Suddenly the presence of kookaburras in my trees has become even more important. I am hoping that if I watch closely, they might give me a hint as to which trees offer them a termite snack as well as a comfortable branch to rest on.
Echidnas and Ants Also Eat Termites
When it comes to my recent problem, I doubt kookaburras would have given me any indication of the presence of termites because the termite population was quite close to the ground and had not reached the branches.
Apparently, the echidna is also a natural predator for termites. I know echidnas like to raid mounds of earth housing termites, but I was unaware they also searched for them at the base of gum trees.
Because termites can enter trees from directly below the trunk without needing to make an external path of mud as they generally do when entering a house or other structure, natural predators will probably be the best indication of termites in trees. I will have to start paying more attention.
Ants are also a predator, so I will be watching for any trails of ants climbing the trunks of my gum trees.
When Termites Fly
For at least one day each year, our sky fills with winged termites. It is a phenomenon we quite enjoy from a "nature is great" perspective, but an annoyance when considering the havoc they can potentially wreak. I turn on my outdoor bug catcher just in case it helps attract those closest to the house.
This really is a futile exercise because there are too many winged termites flying in the air for me to have any hope of catching them all, and my home is off the grid and powered by solar batteries.
To leave my bug catcher light on all night is not a clever use of power, but the mating season for termites is during the summer so the batteries are easily recharged by my solar panels the next morning.
Besides, I like to feel as though I am making some kind of effort to reduce their numbers.
Winged Termites vs. Flying Ants
Many people refer to winged or flying termites as flying ants, but they're not. I wouldn't waste my precious power on flying ants, but catching as many winged termites as possible is worth the effort.
How can you tell that you are surrounded by flying termites and not just flying ants?
That part's easy.
- Termites have two pairs of wings; both sets are the same size.
- Flying ants have different sizes front and back.
- The other big indicator is the way termites drop their wings. You'll find countless sets of little wings discarded on the ground (or on the floor inside your house if you are really unlucky!)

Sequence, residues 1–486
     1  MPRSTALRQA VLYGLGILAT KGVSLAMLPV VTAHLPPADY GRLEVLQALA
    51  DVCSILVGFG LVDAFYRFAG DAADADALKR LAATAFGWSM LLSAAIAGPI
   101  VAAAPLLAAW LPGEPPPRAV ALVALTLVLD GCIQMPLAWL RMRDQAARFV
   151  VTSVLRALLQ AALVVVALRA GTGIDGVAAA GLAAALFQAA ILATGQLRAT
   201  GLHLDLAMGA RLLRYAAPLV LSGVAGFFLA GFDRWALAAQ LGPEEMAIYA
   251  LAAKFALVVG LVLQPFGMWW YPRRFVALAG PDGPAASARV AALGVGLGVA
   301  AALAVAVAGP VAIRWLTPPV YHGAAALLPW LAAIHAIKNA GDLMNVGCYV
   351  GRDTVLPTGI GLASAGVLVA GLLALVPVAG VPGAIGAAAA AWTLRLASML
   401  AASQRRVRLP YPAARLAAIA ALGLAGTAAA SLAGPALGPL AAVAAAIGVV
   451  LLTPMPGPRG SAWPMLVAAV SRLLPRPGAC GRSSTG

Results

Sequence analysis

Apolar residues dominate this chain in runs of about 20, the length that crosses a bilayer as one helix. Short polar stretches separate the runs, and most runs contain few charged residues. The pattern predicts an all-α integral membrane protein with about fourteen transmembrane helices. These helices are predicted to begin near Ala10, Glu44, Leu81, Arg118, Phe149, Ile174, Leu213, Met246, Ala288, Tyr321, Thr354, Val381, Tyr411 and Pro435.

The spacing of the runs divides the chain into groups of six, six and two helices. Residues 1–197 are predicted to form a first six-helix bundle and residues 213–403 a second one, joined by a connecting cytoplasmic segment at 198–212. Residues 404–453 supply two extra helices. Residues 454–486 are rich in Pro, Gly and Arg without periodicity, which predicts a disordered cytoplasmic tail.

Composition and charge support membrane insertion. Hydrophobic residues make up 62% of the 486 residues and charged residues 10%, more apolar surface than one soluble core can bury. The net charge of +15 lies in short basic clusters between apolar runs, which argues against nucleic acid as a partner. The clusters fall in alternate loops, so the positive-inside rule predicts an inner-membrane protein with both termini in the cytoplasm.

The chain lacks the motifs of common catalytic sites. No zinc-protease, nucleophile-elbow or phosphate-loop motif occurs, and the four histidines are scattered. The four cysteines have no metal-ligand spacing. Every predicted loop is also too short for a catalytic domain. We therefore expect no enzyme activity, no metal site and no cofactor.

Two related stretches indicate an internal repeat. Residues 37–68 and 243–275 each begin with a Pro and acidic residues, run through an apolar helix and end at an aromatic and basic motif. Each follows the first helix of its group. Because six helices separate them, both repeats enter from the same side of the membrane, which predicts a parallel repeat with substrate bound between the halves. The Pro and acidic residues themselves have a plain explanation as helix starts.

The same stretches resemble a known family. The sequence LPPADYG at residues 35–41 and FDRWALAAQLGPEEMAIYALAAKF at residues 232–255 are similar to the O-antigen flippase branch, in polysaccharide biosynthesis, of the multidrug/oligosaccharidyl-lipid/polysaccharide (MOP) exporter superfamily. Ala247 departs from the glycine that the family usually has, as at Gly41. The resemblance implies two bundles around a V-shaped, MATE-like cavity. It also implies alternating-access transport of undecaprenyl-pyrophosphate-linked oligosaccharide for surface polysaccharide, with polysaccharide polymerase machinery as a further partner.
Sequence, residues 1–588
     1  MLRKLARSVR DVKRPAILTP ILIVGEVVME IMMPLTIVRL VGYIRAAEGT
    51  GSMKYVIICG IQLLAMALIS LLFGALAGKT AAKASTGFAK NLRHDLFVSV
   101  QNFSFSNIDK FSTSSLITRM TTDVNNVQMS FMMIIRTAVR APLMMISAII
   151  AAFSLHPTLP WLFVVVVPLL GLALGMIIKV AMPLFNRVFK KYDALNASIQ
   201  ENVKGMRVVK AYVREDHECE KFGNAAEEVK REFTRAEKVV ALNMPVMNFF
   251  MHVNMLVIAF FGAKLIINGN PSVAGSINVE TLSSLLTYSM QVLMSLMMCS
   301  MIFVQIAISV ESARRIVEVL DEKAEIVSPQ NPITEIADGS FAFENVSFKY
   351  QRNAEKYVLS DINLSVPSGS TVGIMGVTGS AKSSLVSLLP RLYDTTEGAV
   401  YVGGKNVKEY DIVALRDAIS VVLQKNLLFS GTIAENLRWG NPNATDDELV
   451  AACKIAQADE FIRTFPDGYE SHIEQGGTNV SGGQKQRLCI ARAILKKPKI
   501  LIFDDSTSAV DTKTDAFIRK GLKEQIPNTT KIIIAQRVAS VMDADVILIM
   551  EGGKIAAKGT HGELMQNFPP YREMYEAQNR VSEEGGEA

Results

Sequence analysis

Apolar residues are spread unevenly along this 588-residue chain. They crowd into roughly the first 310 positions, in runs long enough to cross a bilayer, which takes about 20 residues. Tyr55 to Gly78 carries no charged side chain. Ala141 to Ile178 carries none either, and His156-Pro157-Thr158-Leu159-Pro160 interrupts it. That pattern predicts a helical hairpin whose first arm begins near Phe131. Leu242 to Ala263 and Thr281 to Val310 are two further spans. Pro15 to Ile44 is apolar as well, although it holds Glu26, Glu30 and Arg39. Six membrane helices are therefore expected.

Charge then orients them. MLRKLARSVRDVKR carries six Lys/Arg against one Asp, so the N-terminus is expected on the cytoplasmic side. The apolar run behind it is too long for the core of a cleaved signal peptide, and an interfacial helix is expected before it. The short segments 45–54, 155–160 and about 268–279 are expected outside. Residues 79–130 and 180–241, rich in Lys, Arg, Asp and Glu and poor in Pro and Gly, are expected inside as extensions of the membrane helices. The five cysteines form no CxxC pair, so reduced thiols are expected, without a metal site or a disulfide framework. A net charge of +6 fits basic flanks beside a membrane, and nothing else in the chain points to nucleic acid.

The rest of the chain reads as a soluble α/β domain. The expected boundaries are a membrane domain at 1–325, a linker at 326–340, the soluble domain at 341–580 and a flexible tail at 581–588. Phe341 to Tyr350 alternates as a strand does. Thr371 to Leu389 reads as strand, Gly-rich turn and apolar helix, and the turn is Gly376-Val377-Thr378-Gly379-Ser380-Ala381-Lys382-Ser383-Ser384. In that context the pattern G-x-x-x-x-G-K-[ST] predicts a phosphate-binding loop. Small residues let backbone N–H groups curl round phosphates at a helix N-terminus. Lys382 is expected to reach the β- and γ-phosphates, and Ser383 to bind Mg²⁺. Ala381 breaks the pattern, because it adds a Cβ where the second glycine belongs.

Flying termites are potential kings and queens looking for new territory. Known as alates during this stage, they have emerged from other trees or stumps to reproduce and set up new homes.
Each successful king and queen combination can generate over 5,000 eggs per day. Each of those eggs hatches into what's known as a nymph. Nymphs develop into termites and take on one of three different roles.
- Soldier termites protect the nest and other termites.
- Worker termites build tunnels, care for new eggs, and get food—so it is the worker termites that cause the most extensive damage.
- Some nymphs become the future reproductive termites; they become the next generation of alates and form wings ready for flight.
Living With Termites in My Trees
“Give me a home among the gum trees,” many Australians sing. I am delighted to have a home in a beautiful natural environment surrounded by eucalyptus trees and other native trees and bushes. The fallen tree has already been chopped up and stacked to dry, ready to provide my family with warmth when winter brings the cold and the wood burning stove becomes the focus of our day.
It is easy to see how termites could have been around since the days of dinosaurs. They are not fussy eaters, there's no shortage of food for them, and their lifestyle offers protection from weather extremes apart from the short time they take flight looking for a new campground.
I don't begrudge the termites their place in the greater scheme of things, but I will be keeping a close eye on their natural predators for clues about future termite feeding sites because I'd appreciate a little warning before they drop the next big tree so close to my home.
This content is accurate and true to the best of the author’s knowledge and is not meant to substitute for formal and individualized advice from a qualified professional.
© 2013 LongTimeMother